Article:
By Salvatore Bruno, Chief Investment Officer and Managing Director, IndexIQ
Not all risks are created equal; looking at merger arbitrage through a managed risk lens
That risk and reward are related is a key tenet of Modern Portfolio Theory (MPT) and portfolio construction. To achieve a return above the risk-free rate, usually figured as the yield on a 3-month U.S. Treasury bill, you have to assume some level of risk, but it’s important for investors to minimize exposure to those risks not associated with the expectation of positive returns and to manage the remaining risks to better the chances of seeing some of the “rewards” from the risk/reward relationship.
Looking at merger-arbitrage strategies like that employed by our fund, the IQ Merger Arbitrage ETF (MNA), we can break those risks into two categories:
- Deal-specific risk, and
- Stock price risk of the acquirer from deals being financed by stock (i.e. the acquirer’s stock price declines, negatively impacting the value of the transaction).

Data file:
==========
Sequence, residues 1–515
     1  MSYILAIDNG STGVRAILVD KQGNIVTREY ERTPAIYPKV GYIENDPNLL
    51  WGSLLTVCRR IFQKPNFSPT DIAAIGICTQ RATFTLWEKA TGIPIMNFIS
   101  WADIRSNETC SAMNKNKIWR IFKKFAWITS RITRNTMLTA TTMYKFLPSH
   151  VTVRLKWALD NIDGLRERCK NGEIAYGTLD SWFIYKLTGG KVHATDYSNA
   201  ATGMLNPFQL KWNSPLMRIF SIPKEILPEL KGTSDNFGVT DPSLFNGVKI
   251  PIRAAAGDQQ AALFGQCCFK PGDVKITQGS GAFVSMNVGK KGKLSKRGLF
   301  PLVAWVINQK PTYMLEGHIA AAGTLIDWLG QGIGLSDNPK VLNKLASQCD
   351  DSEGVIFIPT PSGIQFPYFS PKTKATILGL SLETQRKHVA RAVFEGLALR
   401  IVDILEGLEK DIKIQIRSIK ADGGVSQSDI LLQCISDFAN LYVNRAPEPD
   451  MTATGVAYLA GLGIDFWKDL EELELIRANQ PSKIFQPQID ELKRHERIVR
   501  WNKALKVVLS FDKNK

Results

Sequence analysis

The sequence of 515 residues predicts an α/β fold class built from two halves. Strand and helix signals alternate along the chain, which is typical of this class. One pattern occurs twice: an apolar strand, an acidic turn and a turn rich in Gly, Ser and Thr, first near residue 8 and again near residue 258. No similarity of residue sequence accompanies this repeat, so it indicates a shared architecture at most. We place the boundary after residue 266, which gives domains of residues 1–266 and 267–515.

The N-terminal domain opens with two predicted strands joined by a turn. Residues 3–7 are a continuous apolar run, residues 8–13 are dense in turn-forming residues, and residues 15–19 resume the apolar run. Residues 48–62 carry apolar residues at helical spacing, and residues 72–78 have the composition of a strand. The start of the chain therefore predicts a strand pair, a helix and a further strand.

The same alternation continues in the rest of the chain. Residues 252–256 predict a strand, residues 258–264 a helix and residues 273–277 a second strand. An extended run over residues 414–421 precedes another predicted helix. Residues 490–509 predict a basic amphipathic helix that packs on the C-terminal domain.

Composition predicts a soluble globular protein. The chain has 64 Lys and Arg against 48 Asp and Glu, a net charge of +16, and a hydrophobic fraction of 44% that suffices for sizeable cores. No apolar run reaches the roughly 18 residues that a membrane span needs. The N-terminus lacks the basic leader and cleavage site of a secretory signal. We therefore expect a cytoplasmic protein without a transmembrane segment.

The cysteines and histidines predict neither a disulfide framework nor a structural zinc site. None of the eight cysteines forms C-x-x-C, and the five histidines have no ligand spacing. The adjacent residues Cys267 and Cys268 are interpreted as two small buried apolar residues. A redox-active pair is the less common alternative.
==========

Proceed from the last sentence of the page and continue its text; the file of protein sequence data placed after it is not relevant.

Merger-arbitrage funds like MNA seek to take advantage of the positive difference in the announced price of a transaction and the current price. A recent example of this as it applies to MNA is the Meet Group (MEET), which received an all-cash offer of $6.30 per share on March 5th. As deal completion risk rose during the early stages of the Covid 19 shutdown, the deal premium widened and the price of MEET fell. MNA added MEET during the April rebalance at $5.92. The deal subsequently closed on Sept 8th at the original offer price of $6.30 and the fund made over 6% on the transaction.
But not every deal works out, creating vulnerability. The risk: when a transaction falls apart, the stock price of the target usually declines.
This can be mitigated by